Facebook Inc., will repeal its moratorium on cannabis and related search results, according to MarketWatch. Their decision comes just days before the legalization of adult recreational marijuana sales in Canada, on October 17.
“We are constantly working to improve our search results so that we minimize the opportunity for people to attempt illicit drug sales while showing content that is allowed on Facebook and is relevant to what you are searching,” Facebook spokeswoman Sarah Pollack relayed to MarketWatch. “When searching ‘cannabis’ or ‘marijuana,’ Pages that have been verified for authenticity will now be included in search results.”
Facebook has assigned color-coded designations that signal various enterprises. According to MarketWatch, gray confirmation is for businesses and organizations not eligible for the blue verification reserved for brands, celebrities and media companies.
The social media site will vet companies by providing their phone numbers, which Facebook will subsequently verify by providing a four-digit code which the company, in turn, must ascertain. This automated authentication method is similar to how Google authenticates app downloads on users’ mobile phones.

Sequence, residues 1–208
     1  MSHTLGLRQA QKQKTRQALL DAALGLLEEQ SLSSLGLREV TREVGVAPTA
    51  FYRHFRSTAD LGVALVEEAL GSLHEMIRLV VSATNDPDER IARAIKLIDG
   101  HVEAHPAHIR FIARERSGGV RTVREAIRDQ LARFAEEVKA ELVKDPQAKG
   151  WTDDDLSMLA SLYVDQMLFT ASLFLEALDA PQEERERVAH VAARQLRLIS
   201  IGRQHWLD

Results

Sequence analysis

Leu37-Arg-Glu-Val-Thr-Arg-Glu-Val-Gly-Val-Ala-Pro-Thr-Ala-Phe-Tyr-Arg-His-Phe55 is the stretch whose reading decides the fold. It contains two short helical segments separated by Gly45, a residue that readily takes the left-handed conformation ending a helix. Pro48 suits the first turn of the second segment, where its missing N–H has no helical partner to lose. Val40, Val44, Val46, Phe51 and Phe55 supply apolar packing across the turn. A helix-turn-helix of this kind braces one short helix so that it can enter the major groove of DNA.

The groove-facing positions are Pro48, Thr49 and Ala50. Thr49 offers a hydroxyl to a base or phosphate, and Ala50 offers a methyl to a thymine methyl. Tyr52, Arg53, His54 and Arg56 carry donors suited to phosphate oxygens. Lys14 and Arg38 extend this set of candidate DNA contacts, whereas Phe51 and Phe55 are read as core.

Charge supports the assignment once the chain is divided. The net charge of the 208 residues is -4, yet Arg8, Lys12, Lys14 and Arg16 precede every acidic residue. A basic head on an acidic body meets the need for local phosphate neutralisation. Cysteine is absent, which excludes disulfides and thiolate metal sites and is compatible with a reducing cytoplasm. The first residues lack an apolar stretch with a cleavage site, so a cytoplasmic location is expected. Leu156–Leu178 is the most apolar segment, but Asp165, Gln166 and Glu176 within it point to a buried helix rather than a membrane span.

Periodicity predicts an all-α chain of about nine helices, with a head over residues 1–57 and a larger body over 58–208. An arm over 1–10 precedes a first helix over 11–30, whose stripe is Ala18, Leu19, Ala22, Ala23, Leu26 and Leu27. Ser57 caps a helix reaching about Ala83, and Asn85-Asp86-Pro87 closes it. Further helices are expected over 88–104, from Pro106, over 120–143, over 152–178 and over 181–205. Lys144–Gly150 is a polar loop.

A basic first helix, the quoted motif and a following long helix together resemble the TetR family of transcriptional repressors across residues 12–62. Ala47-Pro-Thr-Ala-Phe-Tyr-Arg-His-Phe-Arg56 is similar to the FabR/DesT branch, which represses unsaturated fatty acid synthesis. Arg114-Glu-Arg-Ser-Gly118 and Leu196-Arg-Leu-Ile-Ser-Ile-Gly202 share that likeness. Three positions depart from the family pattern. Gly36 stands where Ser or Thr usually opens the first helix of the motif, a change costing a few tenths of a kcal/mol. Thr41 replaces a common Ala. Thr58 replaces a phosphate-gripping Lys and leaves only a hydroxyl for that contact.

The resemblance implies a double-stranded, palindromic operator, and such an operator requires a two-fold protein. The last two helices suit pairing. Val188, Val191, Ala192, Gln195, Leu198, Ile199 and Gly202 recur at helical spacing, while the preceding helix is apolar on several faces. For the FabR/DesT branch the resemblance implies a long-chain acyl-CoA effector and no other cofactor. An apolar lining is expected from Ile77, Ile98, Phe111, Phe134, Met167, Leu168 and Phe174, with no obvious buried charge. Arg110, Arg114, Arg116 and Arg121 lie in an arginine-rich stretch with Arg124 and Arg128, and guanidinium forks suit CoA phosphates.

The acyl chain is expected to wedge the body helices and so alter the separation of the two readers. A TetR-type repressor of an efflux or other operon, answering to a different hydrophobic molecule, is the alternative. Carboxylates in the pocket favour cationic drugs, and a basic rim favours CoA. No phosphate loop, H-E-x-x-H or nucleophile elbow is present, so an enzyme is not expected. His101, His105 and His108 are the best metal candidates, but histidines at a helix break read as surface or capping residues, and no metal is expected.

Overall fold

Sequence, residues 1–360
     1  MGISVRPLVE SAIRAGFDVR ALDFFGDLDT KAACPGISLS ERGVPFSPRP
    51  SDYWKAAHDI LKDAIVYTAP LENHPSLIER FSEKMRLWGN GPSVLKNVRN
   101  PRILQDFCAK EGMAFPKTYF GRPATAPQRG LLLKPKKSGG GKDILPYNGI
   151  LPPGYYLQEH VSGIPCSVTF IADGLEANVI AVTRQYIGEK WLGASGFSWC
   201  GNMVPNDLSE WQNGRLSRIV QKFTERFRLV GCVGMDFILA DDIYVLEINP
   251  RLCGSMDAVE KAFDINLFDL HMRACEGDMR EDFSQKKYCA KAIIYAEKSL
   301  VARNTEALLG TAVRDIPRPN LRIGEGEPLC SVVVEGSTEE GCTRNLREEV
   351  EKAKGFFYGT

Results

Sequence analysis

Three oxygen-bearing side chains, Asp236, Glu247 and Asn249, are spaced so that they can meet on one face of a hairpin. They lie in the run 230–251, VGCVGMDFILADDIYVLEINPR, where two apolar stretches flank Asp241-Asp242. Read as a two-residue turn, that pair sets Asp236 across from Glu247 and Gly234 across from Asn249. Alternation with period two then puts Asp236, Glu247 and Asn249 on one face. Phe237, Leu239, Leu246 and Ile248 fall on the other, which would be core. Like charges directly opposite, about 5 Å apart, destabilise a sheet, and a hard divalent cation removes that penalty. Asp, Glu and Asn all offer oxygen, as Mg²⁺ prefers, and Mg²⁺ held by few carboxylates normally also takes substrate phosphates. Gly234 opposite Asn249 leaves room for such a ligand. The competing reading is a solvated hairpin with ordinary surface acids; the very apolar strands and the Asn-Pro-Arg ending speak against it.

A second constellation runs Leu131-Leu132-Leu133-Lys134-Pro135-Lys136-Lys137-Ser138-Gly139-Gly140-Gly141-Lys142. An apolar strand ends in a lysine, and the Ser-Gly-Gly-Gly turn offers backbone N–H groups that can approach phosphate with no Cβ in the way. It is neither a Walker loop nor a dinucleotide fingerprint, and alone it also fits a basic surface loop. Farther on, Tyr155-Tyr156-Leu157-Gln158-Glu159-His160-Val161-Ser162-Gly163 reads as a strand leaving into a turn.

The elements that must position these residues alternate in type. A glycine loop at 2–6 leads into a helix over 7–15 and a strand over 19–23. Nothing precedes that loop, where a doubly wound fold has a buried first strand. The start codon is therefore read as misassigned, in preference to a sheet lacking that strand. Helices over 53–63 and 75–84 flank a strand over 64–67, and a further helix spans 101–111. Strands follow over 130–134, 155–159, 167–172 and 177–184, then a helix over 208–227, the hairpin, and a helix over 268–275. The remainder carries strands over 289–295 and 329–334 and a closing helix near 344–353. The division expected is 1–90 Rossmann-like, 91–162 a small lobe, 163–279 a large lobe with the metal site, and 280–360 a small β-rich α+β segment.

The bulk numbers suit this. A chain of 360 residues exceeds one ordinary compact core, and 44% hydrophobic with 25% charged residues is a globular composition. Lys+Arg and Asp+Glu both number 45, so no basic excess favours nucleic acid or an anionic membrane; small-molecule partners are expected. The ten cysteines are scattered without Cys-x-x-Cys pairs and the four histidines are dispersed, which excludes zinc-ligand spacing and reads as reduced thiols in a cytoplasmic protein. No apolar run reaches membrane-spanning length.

“Facebook’s policy change is reflecting the reality that marijuana is already legal in 9 states, Washington D.C. and will be legal in Canada next week. I realize its hard for some of these companies to adjust to the new reality. Facebook is experiencing what all institutions are going through —transitioning from when marijuana use was a crime to it being a legitimate enterprise. It isn’t reefer madness anymore,” said attorney Keith Stroup, Founder of NORML.
“The latest Gallup poll puts 65% —2/3 of Americans— supporting fully legalizing marijuana, even though only 14% are current users,” Stroup continues. “We are winning this issue because we have won the hearts of minds of nonusers. If people were using Facebook’s structure to sell pot, it’s understandable they tried to shut that down; but banning searches on the topic altogether was idiotic.”
Facebook banning marijuana pages has long been a source of consternation by its users, many of whom were subjected to having their pages unceremoniously deleted. In an attempt to circumvent deletion, many canna-businesses were forced to modify the language of their pages to reflect health and wellness, rather than cannabis itself.
Lemon Haze Cannabis Expo in Tacoma, Washington even put together a social media panel discussion on the topic.
“Every day, cannabis companies have to deal with their content being deleted by social media platforms such as YouTube, Facebook, and Instagram. On this panel, we will talk with cannabis influencers on how to survive and thrive on social media,” reads the panel description on Lemon Haze’s website.
Perhaps now that Facebook has decided to relinquish its restrictive stance on marijuana, other social media behemoths will follow suit.